FDA approves sterilization process for reusing N95 masks

April 15, 2020

The U.S. Food and Drug Administration has granted approval for University Health System to use a hydrogen peroxide gas process to sterilize N95 face masks, so they can be worn more than once. Suppliers have been unable to keep up with hospital demands for N95 masks, the gold standard for protecting medical staff caring for patients who may spread COVID-19.

The Health System has long used hydrogen peroxide sterilization to decontaminate surgical equipment, and decided to test it on the masks. It found the used N95 masks sterilized with hydrogen peroxide gas blocked infectious particles as effectively as unused masks. That’s something backed up by researchers at the University of Massachusetts Amherst and the Centers for Disease Control.

The FDA approval allows the Health System to use a mask three times during this crisis. While the sterilization process does not replace efforts to acquire new masks, it greatly expands the Health System’s supply.

Let’s flatten the curve

Graph of COVID-19 cases in Bexar County, TX. Shows curve flattening.

Let’s stay motivated! We are seeing some flattening of the curve in our community over the last couple of days. This is a positive start – but only a start.

Please help the public understand the impact they are making by staying home, washing their hands, wearing masks and practicing social distancing. University Health System is here every day, with the honor and privilege of serving the ill and injured. Right now, the best way our community can show its support for us is with a commitment to keep doing the right things to reduce the spread and avoid a surge of patients.

Maintain your mask

We have seen more and more people in the community wearing medical masks in public, often disposable masks. Sometimes we see them using masks in pretty unhealthy ways. We’d like to remind people that the paper disposable masks are just that – they must be disposed of after using, and certainly at the day’s end. Medical masks like the N95s should be reserved for healthcare workers. For reuse in nonmedical situations, it’s better to get a cloth mask that can be washed after each use. And don’t forget that the masks should be laundered in hot water with detergent and disinfectant. Wear them in good health!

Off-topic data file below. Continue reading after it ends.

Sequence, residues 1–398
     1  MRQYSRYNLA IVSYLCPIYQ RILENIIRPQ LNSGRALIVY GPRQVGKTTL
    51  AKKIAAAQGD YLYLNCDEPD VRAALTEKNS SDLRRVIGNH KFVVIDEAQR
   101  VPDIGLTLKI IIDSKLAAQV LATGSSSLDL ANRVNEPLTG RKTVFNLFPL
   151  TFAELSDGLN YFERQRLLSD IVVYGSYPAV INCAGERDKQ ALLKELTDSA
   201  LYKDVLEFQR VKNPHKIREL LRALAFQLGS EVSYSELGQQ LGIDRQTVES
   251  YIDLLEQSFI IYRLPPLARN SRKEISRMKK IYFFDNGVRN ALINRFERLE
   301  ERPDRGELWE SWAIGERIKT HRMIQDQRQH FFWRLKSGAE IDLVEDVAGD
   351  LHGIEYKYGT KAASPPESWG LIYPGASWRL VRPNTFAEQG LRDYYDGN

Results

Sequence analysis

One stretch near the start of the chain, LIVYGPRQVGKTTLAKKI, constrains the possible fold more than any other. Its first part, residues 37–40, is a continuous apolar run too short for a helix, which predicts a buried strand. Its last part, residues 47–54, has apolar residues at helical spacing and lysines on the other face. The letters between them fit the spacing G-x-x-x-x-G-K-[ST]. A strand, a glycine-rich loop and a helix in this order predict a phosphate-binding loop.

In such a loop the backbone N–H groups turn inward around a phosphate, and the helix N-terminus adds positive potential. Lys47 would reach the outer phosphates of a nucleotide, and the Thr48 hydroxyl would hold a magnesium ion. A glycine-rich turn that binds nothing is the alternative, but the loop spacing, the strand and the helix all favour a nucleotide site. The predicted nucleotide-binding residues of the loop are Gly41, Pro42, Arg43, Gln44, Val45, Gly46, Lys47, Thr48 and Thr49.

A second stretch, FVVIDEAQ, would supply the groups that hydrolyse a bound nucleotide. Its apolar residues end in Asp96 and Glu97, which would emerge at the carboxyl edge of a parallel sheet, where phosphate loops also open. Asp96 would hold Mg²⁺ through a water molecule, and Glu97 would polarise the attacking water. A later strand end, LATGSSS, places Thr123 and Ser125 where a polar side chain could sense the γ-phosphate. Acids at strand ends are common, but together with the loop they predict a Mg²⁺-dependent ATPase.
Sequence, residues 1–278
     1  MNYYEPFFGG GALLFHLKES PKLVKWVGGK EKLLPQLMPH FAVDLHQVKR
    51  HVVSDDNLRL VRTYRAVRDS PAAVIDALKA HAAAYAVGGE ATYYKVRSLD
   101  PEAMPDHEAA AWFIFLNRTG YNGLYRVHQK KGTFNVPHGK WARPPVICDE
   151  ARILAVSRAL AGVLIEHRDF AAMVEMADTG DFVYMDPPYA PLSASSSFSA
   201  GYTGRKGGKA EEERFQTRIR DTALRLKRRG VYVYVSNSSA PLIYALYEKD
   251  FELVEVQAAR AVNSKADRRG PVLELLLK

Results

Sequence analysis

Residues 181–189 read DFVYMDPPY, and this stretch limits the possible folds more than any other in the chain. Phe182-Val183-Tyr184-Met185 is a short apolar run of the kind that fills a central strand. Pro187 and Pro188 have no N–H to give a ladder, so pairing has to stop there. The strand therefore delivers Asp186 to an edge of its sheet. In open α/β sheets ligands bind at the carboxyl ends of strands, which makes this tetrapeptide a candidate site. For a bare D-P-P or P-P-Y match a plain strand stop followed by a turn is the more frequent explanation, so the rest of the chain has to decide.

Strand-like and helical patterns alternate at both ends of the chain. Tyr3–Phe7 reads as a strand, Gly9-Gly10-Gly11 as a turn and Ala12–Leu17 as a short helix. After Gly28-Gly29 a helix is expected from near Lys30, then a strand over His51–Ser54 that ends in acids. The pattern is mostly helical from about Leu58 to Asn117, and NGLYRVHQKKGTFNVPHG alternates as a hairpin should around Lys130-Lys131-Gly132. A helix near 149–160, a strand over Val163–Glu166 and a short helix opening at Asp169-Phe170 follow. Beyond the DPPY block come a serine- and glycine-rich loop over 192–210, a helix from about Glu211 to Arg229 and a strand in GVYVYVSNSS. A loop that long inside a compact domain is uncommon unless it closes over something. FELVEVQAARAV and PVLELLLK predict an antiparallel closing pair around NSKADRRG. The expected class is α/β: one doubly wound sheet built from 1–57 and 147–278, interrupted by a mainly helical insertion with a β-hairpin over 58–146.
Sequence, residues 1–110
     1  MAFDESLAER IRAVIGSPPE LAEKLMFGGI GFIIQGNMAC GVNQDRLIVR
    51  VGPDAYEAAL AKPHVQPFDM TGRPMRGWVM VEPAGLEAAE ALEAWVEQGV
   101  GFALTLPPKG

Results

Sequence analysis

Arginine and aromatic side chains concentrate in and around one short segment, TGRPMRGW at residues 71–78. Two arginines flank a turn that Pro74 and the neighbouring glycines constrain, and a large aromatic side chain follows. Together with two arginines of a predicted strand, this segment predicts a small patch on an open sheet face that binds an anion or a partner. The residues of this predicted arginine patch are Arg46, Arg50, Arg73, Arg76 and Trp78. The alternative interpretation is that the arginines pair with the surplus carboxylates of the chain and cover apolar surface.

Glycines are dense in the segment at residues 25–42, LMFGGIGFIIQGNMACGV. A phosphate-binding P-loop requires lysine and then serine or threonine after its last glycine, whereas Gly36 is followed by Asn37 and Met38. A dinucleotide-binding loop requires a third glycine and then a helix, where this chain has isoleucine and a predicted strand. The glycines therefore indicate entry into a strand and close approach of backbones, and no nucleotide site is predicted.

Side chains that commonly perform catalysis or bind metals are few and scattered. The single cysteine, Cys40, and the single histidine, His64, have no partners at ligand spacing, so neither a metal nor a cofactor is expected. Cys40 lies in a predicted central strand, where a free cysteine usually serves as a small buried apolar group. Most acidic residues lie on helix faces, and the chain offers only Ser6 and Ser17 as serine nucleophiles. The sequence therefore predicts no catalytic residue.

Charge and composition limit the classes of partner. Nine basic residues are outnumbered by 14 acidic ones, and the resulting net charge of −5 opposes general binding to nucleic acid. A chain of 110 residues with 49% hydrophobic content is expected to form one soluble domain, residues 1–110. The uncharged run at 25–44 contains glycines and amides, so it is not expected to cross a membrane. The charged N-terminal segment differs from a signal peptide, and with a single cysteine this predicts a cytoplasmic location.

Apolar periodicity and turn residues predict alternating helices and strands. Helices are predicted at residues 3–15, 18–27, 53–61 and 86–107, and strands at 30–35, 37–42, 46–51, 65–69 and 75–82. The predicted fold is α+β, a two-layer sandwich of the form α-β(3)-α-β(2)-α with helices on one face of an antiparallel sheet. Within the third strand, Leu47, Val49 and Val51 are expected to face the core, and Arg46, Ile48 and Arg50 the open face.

Here’s our status: Good, OK, Concerning or Crisis.

Supplies – OK

We are still working to use our supplies wisely and acquire new PPE, and do not have a shortage of gowns, masks, gloves or other equipment needed to protect our frontline medical teams and treat our patients. We are grateful for the many donations that have contributed to our inventory and to our innovative staff who continuously find ways to help us conserve!

Operations – GOOD

We remain proud of employees who are often being deployed in new positions as we shift staff to help with new and expanded activities. They are often screening visitors and staff as they enter buildings, or assisting with testing for our community. Thanks in part to our employees’ great flexibility, we have been able to maintain current staffing without furloughs.

Community – Good

Some generous donors have figured out that strawberries and cream are good medicine for hardworking healthcare employees. Thanks to kidney transplant recipient Patti Ruffin, pictured below, and her husband Mark for sending dipped strawberries from The Melting Pot to the transplant team at University Hospital. The delicious peach cobbler ice cream delivered by NadaMoo! was a big hit with our hospital employees. We are super grateful for the yummy, sweet treats!